Archive for February, 2010|Monthly archive page

Book Review: Program Development in Java

In Uncategorized on February 23, 2010 at 9:00 pm

Title: Program Development in Java

Author: Barbara Liskov, John Guttag

Publisher: Addison-Wesley

Year: 2001

I read this book because of Barbara Liskov. I first heard of Liskov via the Liskov substitution principle (also see 1 2). The book has a very academic flavor: there is discussion of a representation invariant, the meaning of subtypes, and the Alloy specification language is used, along with a novel notation for depicting dependencies between modules.

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Proof for the summation formula S(n)=n*(n+1)/2

In Uncategorized on February 5, 2010 at 5:20 pm

I was explaining to a co-worker how supposed worked out the formula and illustrating my simple proof. I tried to look it up online, but didn’t find it.

So, here it is:

1 2 N = \sum_{1}^{N}N
N N-1 1 = \sum_{1}^{N}N
N+1 N+1 N+1 = N*(N+1)


\sum_{1}^{N}N + \sum_{1}^{N}N = N*(N+1)
2\sum_{1}^{N}N = N*(N+1)
\sum_{1}^{N}N = N*(N+1)/2

For a better explanation, see this PDF.

Same binary, every build

In Uncategorized on February 4, 2010 at 11:47 pm

Wouldn’t it be nice if you did a make today and a make a week from now, and if nothing had changed, you got the same binaries? This is quite useful when trying to reproduce old firmware images.

I set out trying to carry out this task:

  • Replace all references to the current date (__DATE__) with references to the last modification time of the file from your revision control system (CVS $Date$).
  • Pass the --user=0 and --group=0 arguments to tar so that the same user is listed for every build.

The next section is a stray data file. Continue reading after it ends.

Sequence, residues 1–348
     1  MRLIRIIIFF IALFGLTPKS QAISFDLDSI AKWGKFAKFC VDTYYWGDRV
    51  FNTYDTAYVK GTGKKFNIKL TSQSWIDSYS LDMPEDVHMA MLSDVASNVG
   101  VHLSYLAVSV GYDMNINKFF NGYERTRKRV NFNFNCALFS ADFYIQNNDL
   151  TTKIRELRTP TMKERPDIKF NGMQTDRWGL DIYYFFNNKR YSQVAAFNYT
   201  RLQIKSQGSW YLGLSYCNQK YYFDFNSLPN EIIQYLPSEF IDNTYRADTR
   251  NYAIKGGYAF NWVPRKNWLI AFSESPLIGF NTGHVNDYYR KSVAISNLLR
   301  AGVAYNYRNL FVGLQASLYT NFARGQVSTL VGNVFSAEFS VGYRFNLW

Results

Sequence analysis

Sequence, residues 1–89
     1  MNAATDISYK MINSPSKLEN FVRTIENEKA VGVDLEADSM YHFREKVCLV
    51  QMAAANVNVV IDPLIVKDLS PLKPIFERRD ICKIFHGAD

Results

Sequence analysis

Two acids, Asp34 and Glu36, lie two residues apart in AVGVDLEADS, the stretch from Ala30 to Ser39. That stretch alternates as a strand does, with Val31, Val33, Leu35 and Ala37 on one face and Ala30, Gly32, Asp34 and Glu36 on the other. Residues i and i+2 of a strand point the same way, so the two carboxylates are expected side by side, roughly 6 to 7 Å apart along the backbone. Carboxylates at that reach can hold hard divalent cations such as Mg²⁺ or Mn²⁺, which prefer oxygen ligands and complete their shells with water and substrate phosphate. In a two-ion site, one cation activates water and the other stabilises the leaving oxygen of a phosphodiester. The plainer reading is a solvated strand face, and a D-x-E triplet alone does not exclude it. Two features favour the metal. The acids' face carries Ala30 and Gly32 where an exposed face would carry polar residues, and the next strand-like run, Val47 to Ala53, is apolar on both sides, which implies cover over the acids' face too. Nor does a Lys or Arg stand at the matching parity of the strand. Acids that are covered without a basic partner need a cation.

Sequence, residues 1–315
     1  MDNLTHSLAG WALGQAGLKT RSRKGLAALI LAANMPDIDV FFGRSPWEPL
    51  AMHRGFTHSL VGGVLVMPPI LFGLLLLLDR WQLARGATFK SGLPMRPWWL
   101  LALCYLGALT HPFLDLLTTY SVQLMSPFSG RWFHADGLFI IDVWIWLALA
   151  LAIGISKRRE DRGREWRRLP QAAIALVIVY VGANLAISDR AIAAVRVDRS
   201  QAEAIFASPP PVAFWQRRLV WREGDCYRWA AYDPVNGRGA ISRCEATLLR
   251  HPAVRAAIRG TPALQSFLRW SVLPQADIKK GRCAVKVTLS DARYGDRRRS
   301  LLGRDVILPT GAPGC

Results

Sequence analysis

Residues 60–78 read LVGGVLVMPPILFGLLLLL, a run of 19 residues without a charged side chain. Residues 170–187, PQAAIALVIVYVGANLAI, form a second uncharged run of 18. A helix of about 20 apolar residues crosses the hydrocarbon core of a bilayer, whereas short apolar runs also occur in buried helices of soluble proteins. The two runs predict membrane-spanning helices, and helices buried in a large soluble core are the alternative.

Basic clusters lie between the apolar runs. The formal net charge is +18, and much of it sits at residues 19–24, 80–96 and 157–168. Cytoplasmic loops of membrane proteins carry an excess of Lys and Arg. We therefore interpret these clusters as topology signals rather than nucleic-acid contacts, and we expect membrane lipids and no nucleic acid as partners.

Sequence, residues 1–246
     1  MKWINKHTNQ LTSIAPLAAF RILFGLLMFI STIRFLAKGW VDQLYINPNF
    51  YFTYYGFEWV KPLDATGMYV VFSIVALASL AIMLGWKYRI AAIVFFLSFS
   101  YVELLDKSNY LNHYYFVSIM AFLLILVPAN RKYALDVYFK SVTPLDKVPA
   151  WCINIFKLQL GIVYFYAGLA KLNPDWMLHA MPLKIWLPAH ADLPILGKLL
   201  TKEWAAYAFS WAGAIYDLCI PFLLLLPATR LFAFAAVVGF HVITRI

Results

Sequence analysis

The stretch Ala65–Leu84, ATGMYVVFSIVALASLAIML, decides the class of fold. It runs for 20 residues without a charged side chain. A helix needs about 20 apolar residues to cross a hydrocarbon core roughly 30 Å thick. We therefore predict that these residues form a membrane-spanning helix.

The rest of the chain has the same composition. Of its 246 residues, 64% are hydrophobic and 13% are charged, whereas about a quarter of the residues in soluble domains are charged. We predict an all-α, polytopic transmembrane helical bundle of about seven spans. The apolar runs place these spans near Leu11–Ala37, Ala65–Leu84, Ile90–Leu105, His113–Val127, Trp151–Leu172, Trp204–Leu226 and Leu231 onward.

• Use touch before running tar or gzip to likewise set the modification date of any binaries. I have a small C program that will go through a tar file and “fix” the modification dates.

I’m still working on a program to have the e2fs UUID be the MD5 or such of the contained binaries. I’m not sure I want to go ahead with this, it’s something I ran into quickly when trying to reproduce a file system image bit-for-bit.

Why ECC is necessary

In Uncategorized on February 4, 2010 at 11:16 pm

After spending a few hours trying to debug why a certain program would crash. It turns out that the memory on this particular system is bad.

It’s bad in such a way that Linux boots up, init runs, most of our startup succeeds, yet the first program with a large memory footprint fails.

Here are some successive runs of md5sum:


While dmesg shows that:

ERROR DDR0 ECC: 3 Single bit corrections, 1 Double bit errors
DDR0 ECC:       Failing dimm:   0
DDR0 ECC:       Failing rank:   1
DDR0 ECC:       Failing bank:   1
DDR0 ECC:       Failing row:    0x3123
DDR0 ECC:       Failing column: 0xee0

Patch for the Meschach C library

In Uncategorized on February 4, 2010 at 11:06 pm

I had some old code sitting around for polynomial regressions. A colleague wanted some sample code for curve fitting. However, I must
have compiled it a long time ago, as it wasn’t linking any more.

I went back and fixed up version 12a of the Meschach library. My changes were all autoconf related.

You may find the patch at:

Comparison of build systems

In Uncategorized on February 4, 2010 at 11:05 pm

Some time ago I went looking for build systems. Currently we use
GNU Make and our make files have become unwieldy.

I remember reading an article comparing different build systems and going through the alternatives one-by-one.

Here’s what I looked at:


Jam is a make alternative developed by Perforce Software.

Not chosen because:

  • The last release was in 2003
  • It seems very C/C++ specific
  • No community (BTS, forums, public repository)


CMake is a build-system generator. It will generate project files for Visual Studio etc. and also create make files. Note that CMake must be installed on every machine where the build takes place.